There is a poem I remember reading in a prayer book:
What does it really mean to “hear”?
The person who attends a concert with a mind on business,
Hears — but does not really hear.
The person who walks amid the songs of birds
And thinks only of what will be served for dinner,
Hears — but does not really hear. …
The one who listens to the words of a friend
And does not catch the note of urgency:
“Notice me, help me, care about me,”
Hears — but does not really hear.
—from “Listen!” by Jack Riemer and Harold Kushner
Ghostwriters would be wise to remember this prayer when working with a client. Specifically, we are being reminded to engage in active listening.
Active listening is really hearing what a speaker says and responding appropriately. It goes beyond the mere words and focuses on the mood, tone, and emotion of what the person says.
It’s done in four stages: receiving, understanding, evaluating, and responding.
Receiving is part of listening. We hear the words and the sounds, the tone, mood and emotion behind the words.
Understanding is realizing what the speaker means by the words and sounds used.
Evaluating is figuring out the underlying message behind the words and sounds used.
Responding is choosing the words and sounds to say back to the speaker.
When I’m ghostwriting a memoir, I find it extremely important to actively listen because the story the client is telling me is not only emotional, it can be uncomfortable.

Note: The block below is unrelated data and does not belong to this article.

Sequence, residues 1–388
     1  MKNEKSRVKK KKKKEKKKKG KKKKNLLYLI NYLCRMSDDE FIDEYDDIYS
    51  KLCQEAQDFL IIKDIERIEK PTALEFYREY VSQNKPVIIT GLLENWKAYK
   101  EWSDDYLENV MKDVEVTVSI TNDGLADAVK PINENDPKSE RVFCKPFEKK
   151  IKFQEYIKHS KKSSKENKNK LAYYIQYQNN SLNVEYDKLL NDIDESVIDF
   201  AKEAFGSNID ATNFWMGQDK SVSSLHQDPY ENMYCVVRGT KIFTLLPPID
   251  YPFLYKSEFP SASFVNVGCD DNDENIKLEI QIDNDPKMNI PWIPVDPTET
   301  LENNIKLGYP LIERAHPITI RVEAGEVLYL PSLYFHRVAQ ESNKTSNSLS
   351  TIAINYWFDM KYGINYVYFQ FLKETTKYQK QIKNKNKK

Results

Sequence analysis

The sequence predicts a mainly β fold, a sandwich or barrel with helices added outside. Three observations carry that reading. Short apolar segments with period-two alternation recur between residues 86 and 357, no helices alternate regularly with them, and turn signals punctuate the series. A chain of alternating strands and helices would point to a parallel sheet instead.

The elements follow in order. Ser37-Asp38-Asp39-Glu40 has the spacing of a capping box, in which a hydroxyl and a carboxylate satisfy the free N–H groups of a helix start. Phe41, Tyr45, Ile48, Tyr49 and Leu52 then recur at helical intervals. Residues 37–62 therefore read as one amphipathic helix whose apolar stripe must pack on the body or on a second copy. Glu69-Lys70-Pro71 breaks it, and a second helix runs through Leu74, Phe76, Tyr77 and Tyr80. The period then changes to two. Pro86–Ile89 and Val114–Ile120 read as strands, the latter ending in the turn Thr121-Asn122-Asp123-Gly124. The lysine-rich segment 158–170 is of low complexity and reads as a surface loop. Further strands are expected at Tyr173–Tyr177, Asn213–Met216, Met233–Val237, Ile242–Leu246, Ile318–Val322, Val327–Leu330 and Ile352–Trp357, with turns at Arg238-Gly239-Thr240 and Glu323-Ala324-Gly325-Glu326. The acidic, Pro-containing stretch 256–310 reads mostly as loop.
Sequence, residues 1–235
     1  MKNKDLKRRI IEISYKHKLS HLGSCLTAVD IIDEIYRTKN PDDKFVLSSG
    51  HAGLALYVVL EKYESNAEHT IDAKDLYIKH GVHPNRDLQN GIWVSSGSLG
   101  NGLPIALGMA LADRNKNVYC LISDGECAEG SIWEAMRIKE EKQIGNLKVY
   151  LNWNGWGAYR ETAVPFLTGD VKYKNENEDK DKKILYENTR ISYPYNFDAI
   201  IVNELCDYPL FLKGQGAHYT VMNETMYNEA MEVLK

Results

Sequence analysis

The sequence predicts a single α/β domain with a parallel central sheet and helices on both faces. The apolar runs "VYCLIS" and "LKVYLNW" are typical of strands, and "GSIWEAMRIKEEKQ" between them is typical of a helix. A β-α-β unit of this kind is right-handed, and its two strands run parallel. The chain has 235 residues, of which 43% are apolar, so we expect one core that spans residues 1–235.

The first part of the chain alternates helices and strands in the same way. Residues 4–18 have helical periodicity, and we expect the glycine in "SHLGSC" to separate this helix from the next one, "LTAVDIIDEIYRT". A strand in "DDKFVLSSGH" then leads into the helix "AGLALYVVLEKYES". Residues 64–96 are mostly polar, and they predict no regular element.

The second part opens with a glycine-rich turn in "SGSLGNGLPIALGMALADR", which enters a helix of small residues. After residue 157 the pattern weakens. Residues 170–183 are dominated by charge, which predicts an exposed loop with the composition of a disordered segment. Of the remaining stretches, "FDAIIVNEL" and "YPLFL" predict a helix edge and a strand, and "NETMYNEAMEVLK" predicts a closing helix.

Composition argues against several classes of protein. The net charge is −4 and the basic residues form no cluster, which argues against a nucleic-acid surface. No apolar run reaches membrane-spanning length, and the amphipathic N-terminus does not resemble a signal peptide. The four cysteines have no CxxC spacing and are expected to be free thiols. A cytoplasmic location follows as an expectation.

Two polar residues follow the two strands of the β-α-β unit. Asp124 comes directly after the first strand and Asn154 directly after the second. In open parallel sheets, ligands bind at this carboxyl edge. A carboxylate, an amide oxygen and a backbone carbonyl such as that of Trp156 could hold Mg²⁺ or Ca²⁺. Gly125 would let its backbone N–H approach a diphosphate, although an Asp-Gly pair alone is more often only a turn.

Here’s a real-life example: I had to interview the wife of a Philadelphia-area schoolteacher who suffered a mysterious heart ailment and was in a coma. The wife had been told that her husband wasn’t going to awaken and that she should get his affairs in order. She refused to pull the plug, and he woke up after 16 days. Later, he fully recovered.
She didn’t want to be interviewed, so I had to treat her very gently. I received her message: I’m uncomfortable. I don’t want to do this. I understood that she meant I’m scared. I evaluated her underlying message: I don’t want to have to feel those feelings again, and talking to you brings them up.
I came up with this response: “I know you don’t want to do this, and that you’re only doing this as a favor to your husband. I understand, and I really appreciate you taking the time because your help makes your husband’s story that much more compelling. What can I do to help make this easier for you?”
We ended up having an hourlong conversation in which I protected her from the most painful emotions buy simply asking her to verify what her husband had previously told me about what she thought, said, and felt. That worked for her.
This example demonstrates how active listening determines the kind of response that’s needed. It also shows the importance of having open and honest communication. Both sides must make it clear what they’re feeling, and why. Then both sides can treat the matter, the information, and the other person with the proper amount of care, decency, tact, and respect.
Another time, an owner of an indoor golf training facility inquired about my services. His people made it clear that they wanted a ghostwriter to help craft his memoir. In discussions, active listening caused me to hear that they needed somebody who understood golf and the nature of the relationship between golfer and coach. A ghostwriter acts as a coach, so the relationship between an author and a ghostwriter is exactly the same as that between a successful golfer and his caddy. I made it perfectly clear that was how we would work together.
A successful ghostwriter will hear, and then really hear. Contact me today to work with a professional ghostwriter in Tucson, AZ.
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